In 1950, the Goldsboro Jaycees produced a survey of the housing in town and it was abominable to put it bluntly. The first public housing project, Lincoln Homes, was being built and the Jaycees hoped to spur the community to build even more affordable housing.
Members surveyed 199 homes in several different neighborhoods. 119 houses (57.5%) had no indoor toilet, 26 homes had no electricity, and 184 (89%) had no bathtub.
If that weren’t bad enough, the survey found that in 24 cases, four or five individuals slept in one bed. Dozens of others were sleeping on cots and couches in hallways and other common areas.
Poverty is still a problem in this country but there is no question that it has improved significantly over the past 75 years.
John Burt Exum, Jr was born in Fremont, NC in northern Wayne County on December 7, 1889. In May of 1918, at the age of 28, he was inducted into the US Army in Goldsboro, NC.
Exum was sent to Camp Jackson, SC (now Fort Jackson) and assigned to the 156th Depot Brigade for training.
After training, he was transferred to Company D of the 306th Ammunition Train, 81st Division and sent to the frontlines in August 1918. An ammunition train is not an actual train but the military term for units assigned to move artillery and small arms ammunition from the ammunition depot to the frontline. It was a particularly dangerous job because it was a key target for enemy fire- no ammo, no battle.
John served in France for over ten months in Europe, returning to his home in Wayne County in June of 1919. He married May Rose and together they raised three children- Anne, John Burt III, & Charles Royall (a veteran of the US Navy in World War II).
He died on March 29, 1957 and is buried in Elmwood Cemetery in Fremont.
The following is a letter John wrote to his mother in 1918 from Camp Jackson.
17th Co., 156 Depot Br. Camp Jackson Columbia, S.C.
Dear Mother: I received your second letter today. You ought to know that I received your first letter. If I hadn’t I would not have known where to write to you at. You said to day that you would not go home untill Tuesday so I am guessing that you will get this at La Grange before you go. Then I can write you again when you get home. I believe you had rather get short letters from me real often than for me to wait untill I get time to write a nice long letter. I am writing this in a hurry. A man in the army has to do everything in a hurry or he will find that everybody else is ahead of him. I got another shot in the shoulder today with the typhoid antitoxine and I can hardly raise my left arm. This was my second and I have one more to go. Other than this I am getting along fine. We have lots of fruits and vegitables and not much meat to eat. When we get meat it is usually beefe.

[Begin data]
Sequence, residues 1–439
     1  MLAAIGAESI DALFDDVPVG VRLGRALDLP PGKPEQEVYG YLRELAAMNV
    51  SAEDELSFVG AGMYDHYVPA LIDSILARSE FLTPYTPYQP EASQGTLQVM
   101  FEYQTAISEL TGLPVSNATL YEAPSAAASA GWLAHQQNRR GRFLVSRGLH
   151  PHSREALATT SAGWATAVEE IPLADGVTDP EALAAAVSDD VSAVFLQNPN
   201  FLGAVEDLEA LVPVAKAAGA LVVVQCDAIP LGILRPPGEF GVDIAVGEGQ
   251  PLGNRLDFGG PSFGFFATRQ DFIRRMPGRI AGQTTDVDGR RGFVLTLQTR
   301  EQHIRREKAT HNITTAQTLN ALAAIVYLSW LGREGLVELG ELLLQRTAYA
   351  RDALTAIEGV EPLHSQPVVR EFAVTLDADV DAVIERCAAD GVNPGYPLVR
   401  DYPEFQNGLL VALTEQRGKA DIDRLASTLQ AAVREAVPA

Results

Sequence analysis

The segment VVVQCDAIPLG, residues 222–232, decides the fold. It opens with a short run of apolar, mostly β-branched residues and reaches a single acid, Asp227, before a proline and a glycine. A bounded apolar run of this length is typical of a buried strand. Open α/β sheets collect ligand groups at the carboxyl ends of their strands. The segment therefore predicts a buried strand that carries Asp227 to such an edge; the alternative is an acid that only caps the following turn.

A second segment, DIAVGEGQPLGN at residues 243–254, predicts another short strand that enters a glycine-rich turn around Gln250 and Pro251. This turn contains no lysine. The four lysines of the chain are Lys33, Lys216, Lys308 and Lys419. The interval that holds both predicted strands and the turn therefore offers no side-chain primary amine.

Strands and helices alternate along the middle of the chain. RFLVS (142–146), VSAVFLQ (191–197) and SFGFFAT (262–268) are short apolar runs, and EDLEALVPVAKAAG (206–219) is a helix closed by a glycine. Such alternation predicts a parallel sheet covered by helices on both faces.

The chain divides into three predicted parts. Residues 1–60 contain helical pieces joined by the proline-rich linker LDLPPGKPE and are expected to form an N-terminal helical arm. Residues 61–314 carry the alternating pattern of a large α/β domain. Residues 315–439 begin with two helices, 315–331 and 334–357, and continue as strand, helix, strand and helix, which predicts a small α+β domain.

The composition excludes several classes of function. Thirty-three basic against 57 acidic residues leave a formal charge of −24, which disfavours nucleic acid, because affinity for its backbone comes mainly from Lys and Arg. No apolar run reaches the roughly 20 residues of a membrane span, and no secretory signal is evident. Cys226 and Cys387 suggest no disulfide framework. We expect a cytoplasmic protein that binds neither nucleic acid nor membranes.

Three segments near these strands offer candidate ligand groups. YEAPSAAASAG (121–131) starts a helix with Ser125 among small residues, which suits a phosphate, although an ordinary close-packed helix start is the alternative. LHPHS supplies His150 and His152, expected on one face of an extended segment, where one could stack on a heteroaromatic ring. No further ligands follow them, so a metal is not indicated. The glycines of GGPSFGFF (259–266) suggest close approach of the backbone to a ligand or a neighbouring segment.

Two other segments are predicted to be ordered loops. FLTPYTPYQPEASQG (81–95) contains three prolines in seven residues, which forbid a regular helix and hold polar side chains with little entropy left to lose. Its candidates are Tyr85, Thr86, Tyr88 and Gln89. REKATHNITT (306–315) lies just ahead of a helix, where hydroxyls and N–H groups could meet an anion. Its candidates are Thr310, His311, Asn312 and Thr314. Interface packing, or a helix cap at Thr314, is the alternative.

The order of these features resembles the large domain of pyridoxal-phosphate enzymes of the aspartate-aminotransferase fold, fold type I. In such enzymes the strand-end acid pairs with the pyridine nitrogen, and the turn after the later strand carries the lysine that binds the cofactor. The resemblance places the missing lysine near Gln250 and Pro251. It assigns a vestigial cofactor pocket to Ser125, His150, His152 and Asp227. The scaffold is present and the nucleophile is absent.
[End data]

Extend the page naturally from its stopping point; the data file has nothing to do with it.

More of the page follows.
Future veterans of WWI and beyond: Edgar Bain, Zeno Hollowell, Kenneth Royall
This photograph was taken in 1905 and shows the local “Boys Battalion”, a mix of the Boy Scouts and Junior ROTC. The quality is not great; it is a low quality scan and the whereabouts of the original are unknown (as far as I know).
Seated in the center is their leader, Edgar Bain, who at the time would have been about 21 years old. He would later go on to serve in the 30th Division in WWI and was awarded the Distinguished Service Cross for his actions on October 9, 1918.
The Distinguished Service Cross is presented to Edgar Bain, Captain, U.S. Army, for extraordinary heroism in action near Busigny, France, October 9, 1918. Advancing under heavy fire with orders to pass through the front line company, Captain Bain found the troops he was to relieve 1,000 yards from their position, falling back. Rallying them, he personally led the troops in advance, under terrific fire, assaulting and capturing the assigned objective.
Bain also served in World War II, attaining the rank of Colonel. He died in 1956 and is buried in Willow Dale Cemetery in Goldsboro, NC.
In the bottom left is Zeno Hollowell, who would later serve as Captain of Company K, 119th Infantry, 30th Division in the Great War. After the war he was mayor of Goldsboro and later the longtime city manager.
Seated at the far right is Kenneth Claiborne Royall, born in 1894. Royall graduated from the University of NC-Chapel Hill and Harvard Law School before the war and then served as an officer in the 317th Field Artillery, 81st Division.
Royall attained the rank of general during World War II and famously served as a defense lawyer for several German-American men caught in a botched attempt to sabotage US infrastructure.
After the war he served as the last Secretary of War and later the first Secretary of the Army in the Truman administration. He died in 1971 and is buried in Willow Dale Cemetery in his hometown of Goldsboro, NC.